We crossed the large hall diagonally through the pillars, towards a large man sitting on a special throne, dressed in a Mishlah. On the right-hand side, seven or eight men in Mishlah sat with stern faces. We knew by intuition that the large man sitting in the corner was King Ibn Saud. We went forward, and His Majesty stood up. With a mild expression on his face, he first took Minister Yokoyama’s hands, and then shook hands with Mr. Mitsuchi and myself. He greeted us simply and warmly: Ahalan Wa Sahlan. Biamaniilla (‘Welcome, under the protection of God’). As I shook hands with him, I replied that we were honoured. The hand of the great leader was unexpectedly soft. At his beckoning, Minister Yokoyama sat on the left side of His Majesty, and Mr. Mitsuchi and I sat facing His Majesty, Mr. Mitsuchi on the left side and I on the right. Beside His Majesty’s seat was a small desk. On this desk were a telephone, a pair of binoculars, and a Qur’an.
His Majesty was a large man, about 183 cm in height. Dressed in a black Mishlah, his body looked robust, with a majestic, regal presence. On his head he wore a black Iqal with a golden braid coiled around it. His red and white Gotrah was humble, its design and material being exactly the same as those of the one worn by our driver Shakir. Under the Mishlah he wore a Kuftaan, which reminded me of the school uniform worn by the students of Al-Azhar University. He wore no shoes, but instead wore thick grey socks. I have heard that His Majesty disliked bad smells. For that reason, perhaps, he wore a perfume that hung in the air.
His features were as follows. His face was long, and larger than those of most Arab men. His moustaches and beard were strikingly thick and dark; such luxuriance is rarely found, even in the Arab world. The habitual expression in which his mouth was set aroused nostalgic feelings among those who lived in the desert. His eyes were large, and appeared a little unclear. The white foggy star in his left eye, and his amputated left middle finger indicated that he was no stranger to the harshness of battle. He wore a large ring on his right little finger. Under his left eye was a mole. His skin was brown and healthy-looking. His voice was low and warm. He wore a calm smile on his face as he spoke to us.
The language he spoke was close to standard Arabic. There were some parts of it that we could not understand, however, because of his use of a Syrian pronunciation and his regional dialect.
His Majesty mainly conversed with the minister. At times he directed a few words to me, to which I responded directly. Many topics were discussed in the hour-long meeting: religion, international relations, politics, economics, and so on. Throughout the meeting, His Majesty’s voice never lost its friendly and respectful tone. When the topic of conversation changed to subjects such as business negotiations, national systems, and international relationships, he smiled and called on his advisers for confirmation [Eijirou Nakano, Arabia Kikou, pp. 196–9].
About the issue of the Saudi national system, the King said:
Shariah is the one and only law in Saudi Arabia, before which every man is equal. It is under this law that the most perfected form of democracy lies. The democracy of the Western nations is based on enforced law. On the other hand, Shariah is the holy law given by Allah, and, consequently, pious Muslims could have no powerful or compelling feelings against this law. We have no enforced law to implement national defence either. The Emir of each Kabila (tribe) is responsible for settling problems in his region. The result is the peaceful situation you see today.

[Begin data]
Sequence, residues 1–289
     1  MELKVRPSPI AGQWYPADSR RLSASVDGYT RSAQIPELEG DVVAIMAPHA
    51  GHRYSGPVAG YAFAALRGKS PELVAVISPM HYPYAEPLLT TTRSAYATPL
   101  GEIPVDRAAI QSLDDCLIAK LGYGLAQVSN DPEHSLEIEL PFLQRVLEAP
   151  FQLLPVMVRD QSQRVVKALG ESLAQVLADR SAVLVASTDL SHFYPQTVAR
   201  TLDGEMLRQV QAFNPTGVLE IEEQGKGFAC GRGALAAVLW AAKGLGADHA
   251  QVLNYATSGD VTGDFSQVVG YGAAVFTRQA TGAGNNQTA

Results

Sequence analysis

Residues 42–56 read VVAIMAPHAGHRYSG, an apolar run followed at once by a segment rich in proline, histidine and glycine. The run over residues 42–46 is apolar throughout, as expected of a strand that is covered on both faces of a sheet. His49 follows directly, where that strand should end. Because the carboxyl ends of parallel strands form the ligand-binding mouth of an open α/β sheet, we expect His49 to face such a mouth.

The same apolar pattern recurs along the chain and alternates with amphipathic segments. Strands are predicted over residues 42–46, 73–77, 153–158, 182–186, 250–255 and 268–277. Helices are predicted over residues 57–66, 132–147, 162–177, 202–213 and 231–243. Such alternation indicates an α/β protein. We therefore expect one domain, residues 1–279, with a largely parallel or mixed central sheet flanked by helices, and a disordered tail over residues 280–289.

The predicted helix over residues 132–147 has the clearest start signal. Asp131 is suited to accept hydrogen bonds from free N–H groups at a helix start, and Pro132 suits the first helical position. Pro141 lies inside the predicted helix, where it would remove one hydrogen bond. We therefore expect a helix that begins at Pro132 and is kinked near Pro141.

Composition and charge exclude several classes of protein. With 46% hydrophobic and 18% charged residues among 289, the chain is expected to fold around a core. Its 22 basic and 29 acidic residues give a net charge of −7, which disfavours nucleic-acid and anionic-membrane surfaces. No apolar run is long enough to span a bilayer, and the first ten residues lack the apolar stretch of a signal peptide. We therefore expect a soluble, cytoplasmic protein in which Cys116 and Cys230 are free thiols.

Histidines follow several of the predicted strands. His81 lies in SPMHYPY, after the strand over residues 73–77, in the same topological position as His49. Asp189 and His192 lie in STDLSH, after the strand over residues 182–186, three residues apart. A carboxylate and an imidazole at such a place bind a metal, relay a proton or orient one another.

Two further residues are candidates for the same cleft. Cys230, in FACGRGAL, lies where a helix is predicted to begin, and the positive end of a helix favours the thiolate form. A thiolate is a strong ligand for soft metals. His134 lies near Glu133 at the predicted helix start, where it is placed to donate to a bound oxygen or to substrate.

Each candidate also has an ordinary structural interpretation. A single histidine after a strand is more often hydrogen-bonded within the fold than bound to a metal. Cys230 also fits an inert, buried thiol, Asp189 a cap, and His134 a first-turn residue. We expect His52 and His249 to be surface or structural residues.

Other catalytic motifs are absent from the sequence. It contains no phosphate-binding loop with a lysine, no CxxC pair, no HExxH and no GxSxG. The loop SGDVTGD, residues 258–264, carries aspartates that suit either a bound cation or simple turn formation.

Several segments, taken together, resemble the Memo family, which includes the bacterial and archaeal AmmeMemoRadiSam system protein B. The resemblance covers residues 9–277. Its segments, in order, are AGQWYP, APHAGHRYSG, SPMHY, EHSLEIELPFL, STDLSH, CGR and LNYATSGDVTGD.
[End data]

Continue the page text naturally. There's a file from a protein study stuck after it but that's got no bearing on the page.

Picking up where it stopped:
About international relations, the King said:
We affirm that by all means we want to keep friendly relationships with all the neighbouring nations as well as with other powerful nations. We prefer not to take the sides of Germany and Italy or Britain, the USA, and France. As for Japan, we think of it and respect it as a powerful empire of the east. We certainly do not support communism. At present, there is no need on our part to repress communism politically, though, for its philosophy cannot possibly infiltrate into our country.
About the Jews, the King spoke with emphasis:
Jews had been influential in developing that characteristic of European society whereby the weak become victims of the strong. To the Palestinians, our brothers, we are here to lend a helping hand. We have mentioned this in our last handwritten letter sent to President Roosevelt of the USA. The Jews disturb world peace, and therefore we would like the support of Japan in this struggle [ibid., pp. 199–201; The King ‘Abd al-‘Aziz Foundation translated this book into Arabic in 1997 for its Research and Archives (DARAH)].
The Era of the Sons of King ‘Abd al-‘Aziz (1953–1998/1372–1419H)
Diplomatic negotiations between Japan and Saudi Arabia started before the Second World War. They were, however, discontinued on the outbreak of war. After the war, in 1951 (1370H), Saudi Arabia signed a peace treaty with Japan, which took effect in March 1954 (7-1373H). Japan immediately resumed negotiations with Saudi Arabia, and in June 1955 (10-1374H) an official diplomatic relationship was established between the two countries.
In 1956 (1375H) the Japanese government appointed HE Yutaka Tsuchida, ambassador to Egypt, to serve concurrently as minister to Saudi Arabia. In January 1958 the Saudi government established an embassy in Tokyo, appointing HE Asad Faqih as ambassador. To this the Japanese government responded by the promotion of Minister Tsuchida to ambassadorial rank.
In January 1966 (10-1385H) a Japanese Embassy was finally established in Jeddah, with HE Hideji Tamura as chargé d’affaires ad interim. Ever since then, both countries have maintained a good diplomatic relationship.